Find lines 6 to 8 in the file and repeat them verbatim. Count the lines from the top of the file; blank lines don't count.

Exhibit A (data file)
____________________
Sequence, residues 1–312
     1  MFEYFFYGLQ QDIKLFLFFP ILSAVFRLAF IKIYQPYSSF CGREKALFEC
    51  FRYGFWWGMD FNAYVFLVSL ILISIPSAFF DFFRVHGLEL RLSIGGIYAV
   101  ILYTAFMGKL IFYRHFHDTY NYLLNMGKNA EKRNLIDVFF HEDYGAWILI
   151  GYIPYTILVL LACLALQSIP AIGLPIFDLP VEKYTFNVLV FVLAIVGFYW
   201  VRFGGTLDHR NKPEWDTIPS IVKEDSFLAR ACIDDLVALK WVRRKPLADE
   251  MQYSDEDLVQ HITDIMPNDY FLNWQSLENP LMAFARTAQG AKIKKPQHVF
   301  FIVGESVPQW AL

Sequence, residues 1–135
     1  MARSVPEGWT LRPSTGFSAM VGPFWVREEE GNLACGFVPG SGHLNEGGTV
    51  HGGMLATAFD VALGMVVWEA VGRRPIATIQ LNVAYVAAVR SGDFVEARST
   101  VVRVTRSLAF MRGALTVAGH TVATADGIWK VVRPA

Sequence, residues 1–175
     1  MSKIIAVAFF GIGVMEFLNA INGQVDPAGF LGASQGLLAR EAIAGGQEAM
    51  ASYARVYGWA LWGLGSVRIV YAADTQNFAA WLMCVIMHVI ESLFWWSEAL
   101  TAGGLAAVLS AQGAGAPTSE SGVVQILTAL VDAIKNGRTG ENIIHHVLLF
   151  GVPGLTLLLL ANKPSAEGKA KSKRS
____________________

   201  VRFGGTLDHR NKPEWDTIPS IVKEDSFLAR ACIDDLVALK WVRRKPLADE
   251  MQYSDEDLVQ HITDIMPNDY FLNWQSLENP LMAFARTAQG AKIKKPQHVF
   301  FIVGESVPQW AL